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What is Medicare Part A?

Part A provides most of your institutional coverage. It covers inpatient care in hospitals, inpatient care in a skilled nursing facility (not custodial or long-term care), hospice care services, home health care services and inpatient care in a religious nonmedical health care institution.

Part A also covers blood. If the hospital uses a blood bank, you probably won’t pay anything for replacement blood. If the hospital purchases blood, then you will likely pay for the first three units of blood each year unless blood was donated for your use.

Part A provides coverage for inpatient hospital services, up to 100 days of post-hospital skilled nursing facility (SNF) care, some home health services, and hospice care. Patients must pay a deductible ($1,556 in 2022) each time their hospital admission begins a benefit period. (A benefit period begins when a patient enters a hospital and ends when she has not been in a hospital or SNF for 60 days.) Medicare pays the remaining costs for the first 60 days of hospital care. The limited number of beneficiaries requiring care beyond 60 days are subject to additional charges. Patients requiring SNF care are subject to a daily coinsurance charge for days 21-100 ($194.50 in 2022). There are no cost-sharing charges for home health care and limited charges for hospice care.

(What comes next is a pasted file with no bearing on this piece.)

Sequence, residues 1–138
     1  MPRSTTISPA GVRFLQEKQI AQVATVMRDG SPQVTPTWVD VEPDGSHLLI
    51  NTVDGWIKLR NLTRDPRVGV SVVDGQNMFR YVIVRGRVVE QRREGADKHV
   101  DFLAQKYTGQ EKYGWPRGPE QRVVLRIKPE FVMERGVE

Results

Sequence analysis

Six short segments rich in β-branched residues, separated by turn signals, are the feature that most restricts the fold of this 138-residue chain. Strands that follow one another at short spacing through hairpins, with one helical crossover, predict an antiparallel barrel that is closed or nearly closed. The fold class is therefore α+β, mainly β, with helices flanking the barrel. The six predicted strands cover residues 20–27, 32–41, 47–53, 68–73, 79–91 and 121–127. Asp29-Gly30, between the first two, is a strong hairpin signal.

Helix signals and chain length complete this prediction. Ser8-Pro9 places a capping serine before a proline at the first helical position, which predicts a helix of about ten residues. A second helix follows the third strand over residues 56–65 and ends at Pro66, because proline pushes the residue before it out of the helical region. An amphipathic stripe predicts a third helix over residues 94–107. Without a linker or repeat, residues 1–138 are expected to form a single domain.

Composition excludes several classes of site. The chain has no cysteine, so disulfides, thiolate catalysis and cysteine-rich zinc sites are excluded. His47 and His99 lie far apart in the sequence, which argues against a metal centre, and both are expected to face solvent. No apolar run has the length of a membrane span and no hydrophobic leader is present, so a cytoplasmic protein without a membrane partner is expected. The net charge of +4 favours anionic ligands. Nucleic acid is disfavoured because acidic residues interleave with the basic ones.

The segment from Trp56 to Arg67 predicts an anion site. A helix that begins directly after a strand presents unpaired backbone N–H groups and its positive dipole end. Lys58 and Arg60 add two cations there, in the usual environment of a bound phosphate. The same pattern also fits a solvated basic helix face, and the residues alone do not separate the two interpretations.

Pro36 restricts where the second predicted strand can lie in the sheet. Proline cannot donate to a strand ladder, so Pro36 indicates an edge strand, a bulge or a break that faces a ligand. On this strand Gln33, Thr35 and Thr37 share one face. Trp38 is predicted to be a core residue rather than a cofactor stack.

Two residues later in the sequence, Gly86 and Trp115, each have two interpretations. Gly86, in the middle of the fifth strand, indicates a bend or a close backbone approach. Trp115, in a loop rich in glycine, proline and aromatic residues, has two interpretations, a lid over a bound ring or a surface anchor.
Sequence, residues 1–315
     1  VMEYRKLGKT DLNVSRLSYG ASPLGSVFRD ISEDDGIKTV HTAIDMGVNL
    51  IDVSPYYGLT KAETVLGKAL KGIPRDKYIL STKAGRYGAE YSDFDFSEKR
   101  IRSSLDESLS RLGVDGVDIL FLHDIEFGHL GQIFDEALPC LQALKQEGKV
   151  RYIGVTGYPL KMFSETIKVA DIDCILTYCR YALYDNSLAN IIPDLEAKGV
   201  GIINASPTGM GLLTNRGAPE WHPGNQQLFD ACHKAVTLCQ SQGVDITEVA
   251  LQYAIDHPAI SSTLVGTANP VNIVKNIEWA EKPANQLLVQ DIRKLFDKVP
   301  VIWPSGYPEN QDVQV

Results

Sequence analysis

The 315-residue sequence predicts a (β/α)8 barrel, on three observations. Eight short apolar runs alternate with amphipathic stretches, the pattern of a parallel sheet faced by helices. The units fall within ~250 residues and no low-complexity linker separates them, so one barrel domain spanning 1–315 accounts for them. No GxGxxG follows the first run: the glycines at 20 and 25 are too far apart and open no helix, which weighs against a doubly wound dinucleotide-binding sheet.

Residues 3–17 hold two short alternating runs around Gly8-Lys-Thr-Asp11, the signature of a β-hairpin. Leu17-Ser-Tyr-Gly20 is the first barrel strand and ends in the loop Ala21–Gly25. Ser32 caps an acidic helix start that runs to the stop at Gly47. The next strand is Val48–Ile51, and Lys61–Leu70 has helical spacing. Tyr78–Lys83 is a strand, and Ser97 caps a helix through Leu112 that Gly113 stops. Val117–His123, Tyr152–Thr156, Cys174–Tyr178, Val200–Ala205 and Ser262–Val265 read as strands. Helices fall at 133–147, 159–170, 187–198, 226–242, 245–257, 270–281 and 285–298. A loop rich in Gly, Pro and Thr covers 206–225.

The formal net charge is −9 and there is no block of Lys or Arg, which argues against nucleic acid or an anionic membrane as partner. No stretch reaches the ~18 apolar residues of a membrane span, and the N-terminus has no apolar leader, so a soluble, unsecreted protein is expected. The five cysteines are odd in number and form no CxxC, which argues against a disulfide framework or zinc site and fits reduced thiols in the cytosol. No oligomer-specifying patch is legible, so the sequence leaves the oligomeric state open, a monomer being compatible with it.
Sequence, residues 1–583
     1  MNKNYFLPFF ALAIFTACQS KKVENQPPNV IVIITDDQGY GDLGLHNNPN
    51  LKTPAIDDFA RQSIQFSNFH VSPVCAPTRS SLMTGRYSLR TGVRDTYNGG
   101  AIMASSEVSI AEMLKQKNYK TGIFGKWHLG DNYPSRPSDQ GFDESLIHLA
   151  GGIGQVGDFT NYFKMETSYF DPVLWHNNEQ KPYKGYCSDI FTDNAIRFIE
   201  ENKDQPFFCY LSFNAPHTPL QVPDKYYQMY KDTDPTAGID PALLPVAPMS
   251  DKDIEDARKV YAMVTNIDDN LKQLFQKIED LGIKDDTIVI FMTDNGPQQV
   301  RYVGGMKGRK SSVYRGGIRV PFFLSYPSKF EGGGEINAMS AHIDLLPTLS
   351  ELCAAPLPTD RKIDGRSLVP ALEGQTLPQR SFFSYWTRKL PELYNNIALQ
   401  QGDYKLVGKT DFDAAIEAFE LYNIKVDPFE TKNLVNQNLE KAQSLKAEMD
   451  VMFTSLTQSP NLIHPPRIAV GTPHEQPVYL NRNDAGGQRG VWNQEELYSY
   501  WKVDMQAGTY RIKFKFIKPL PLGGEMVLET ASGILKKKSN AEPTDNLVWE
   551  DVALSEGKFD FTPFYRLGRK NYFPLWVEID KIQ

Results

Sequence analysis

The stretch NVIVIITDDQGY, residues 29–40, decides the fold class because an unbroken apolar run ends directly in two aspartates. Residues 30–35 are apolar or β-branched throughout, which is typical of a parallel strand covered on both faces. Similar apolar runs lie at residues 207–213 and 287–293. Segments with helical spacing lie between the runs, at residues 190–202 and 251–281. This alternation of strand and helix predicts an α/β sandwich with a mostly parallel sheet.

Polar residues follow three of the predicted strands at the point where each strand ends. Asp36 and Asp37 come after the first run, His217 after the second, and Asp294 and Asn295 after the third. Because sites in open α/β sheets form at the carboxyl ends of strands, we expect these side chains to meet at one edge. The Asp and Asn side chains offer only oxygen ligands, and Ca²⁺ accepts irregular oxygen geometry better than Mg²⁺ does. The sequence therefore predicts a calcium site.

Most people don’t have to pay a monthly payment, called a premium, for Part A. This is because they or a spouse paid Medicare taxes while they were working. If you (or your spouse) didn’t pay Medicare taxes while you worked and you are age 65 or older, you may be able to buy Part A.

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